Each will of Christ, both the divine and the human, willed and moved independently. For in every intelligent nature there is independence. How was it possible to have intelligence and not to have independence? So Christ's soul "was independent in his willing and wanted to moved independently", "but wanted those things independently which His divine will wanted it to will". Thus the two wills in Christ differed not in opinion, but in natural power: the divine will was without beginning, accomplishing all things, therefore having power and dispassion; His human will began in time, suffered natural and blameless passions and, while naturally it was not all-powerful, still, since it had been assumed truly and naturally by God the Word, that is why He was all-powerful.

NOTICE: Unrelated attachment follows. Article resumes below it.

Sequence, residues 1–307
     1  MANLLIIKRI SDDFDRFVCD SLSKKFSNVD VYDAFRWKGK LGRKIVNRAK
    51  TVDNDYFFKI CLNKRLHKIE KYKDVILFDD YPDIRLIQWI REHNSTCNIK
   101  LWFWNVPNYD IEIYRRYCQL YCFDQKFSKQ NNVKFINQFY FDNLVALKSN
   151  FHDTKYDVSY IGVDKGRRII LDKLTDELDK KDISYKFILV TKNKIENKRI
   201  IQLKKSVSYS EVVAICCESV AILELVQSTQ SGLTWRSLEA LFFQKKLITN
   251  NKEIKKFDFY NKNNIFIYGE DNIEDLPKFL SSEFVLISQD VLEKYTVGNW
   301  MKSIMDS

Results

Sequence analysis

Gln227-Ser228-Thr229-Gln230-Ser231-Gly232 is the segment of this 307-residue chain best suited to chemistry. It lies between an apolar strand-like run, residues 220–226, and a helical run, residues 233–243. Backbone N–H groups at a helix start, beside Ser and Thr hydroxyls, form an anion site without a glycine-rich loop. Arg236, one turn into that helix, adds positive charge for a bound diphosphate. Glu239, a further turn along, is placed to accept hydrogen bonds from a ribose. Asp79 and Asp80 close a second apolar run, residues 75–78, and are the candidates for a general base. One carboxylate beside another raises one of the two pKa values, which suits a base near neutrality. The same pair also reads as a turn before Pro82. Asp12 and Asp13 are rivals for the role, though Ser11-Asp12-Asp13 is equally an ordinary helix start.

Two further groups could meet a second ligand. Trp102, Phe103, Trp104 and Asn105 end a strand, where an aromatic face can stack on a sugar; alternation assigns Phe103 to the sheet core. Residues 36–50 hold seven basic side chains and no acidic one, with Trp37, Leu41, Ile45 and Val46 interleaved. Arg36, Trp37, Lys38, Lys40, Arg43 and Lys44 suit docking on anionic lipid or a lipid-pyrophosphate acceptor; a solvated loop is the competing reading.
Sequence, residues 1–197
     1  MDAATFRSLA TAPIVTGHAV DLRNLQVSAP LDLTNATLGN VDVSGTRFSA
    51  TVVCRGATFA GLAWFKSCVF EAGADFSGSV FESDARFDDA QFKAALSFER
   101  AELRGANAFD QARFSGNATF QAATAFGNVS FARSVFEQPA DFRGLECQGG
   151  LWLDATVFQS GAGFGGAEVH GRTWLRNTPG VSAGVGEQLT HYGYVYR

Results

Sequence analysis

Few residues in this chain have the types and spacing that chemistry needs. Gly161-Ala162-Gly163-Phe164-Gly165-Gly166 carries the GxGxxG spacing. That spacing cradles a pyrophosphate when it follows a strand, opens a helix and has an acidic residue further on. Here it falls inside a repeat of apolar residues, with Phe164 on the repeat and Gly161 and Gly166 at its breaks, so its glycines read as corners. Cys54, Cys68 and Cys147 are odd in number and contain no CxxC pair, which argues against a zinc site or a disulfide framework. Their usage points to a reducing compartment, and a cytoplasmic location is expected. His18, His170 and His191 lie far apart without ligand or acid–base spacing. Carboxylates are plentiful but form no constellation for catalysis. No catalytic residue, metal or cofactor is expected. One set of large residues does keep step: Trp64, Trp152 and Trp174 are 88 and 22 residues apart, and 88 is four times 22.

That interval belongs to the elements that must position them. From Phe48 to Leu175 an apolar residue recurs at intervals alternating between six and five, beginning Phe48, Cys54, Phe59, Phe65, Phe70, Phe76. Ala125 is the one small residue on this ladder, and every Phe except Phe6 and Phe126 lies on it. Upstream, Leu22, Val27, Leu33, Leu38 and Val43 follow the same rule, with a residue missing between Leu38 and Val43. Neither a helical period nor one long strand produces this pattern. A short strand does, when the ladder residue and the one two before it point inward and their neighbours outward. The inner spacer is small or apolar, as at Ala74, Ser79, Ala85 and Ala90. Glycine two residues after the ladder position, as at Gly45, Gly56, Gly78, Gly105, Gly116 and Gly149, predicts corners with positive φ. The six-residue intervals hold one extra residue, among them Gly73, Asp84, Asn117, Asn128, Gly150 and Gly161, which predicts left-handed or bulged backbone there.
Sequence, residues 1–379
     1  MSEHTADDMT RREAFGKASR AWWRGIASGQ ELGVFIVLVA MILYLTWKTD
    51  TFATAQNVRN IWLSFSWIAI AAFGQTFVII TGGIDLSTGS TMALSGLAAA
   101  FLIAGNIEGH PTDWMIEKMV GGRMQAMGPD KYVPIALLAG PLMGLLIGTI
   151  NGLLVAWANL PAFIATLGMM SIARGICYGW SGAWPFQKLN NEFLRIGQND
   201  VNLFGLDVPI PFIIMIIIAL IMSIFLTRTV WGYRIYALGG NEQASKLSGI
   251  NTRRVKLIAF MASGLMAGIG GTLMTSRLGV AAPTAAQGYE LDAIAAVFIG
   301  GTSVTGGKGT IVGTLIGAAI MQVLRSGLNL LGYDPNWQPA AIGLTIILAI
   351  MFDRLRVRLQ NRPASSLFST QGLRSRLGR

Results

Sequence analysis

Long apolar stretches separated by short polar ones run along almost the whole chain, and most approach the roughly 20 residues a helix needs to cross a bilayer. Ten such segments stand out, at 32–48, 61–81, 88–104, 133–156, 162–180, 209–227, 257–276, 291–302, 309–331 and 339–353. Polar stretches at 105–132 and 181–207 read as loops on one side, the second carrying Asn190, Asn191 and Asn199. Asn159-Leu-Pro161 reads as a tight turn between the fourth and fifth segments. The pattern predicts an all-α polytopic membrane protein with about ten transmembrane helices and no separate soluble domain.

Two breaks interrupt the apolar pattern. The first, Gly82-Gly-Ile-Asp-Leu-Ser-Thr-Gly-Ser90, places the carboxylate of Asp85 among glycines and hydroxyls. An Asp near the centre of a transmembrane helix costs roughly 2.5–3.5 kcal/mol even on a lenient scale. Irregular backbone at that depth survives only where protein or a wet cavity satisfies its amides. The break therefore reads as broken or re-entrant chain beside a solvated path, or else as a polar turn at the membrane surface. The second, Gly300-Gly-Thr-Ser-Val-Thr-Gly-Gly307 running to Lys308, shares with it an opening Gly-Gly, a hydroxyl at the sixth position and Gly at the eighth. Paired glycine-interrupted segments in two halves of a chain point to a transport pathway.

All these things indicate that since in Christ there were two natures there were also two wills. Likewise his independence, which is closely connected with his human nature, acted naturally towards the good, following the divine will.

e) The freedom of the saints

What has been said is needed in order for us to understand the limits of human freedom and also to understand how freedom, independence functions in the saints. As we shall see in what follows, the saint's independent will, precisely because he is favoured with divine grace, always moves naturally towards the good. When I speak of a saint I mean the deified person who partakes of God's deifying energy.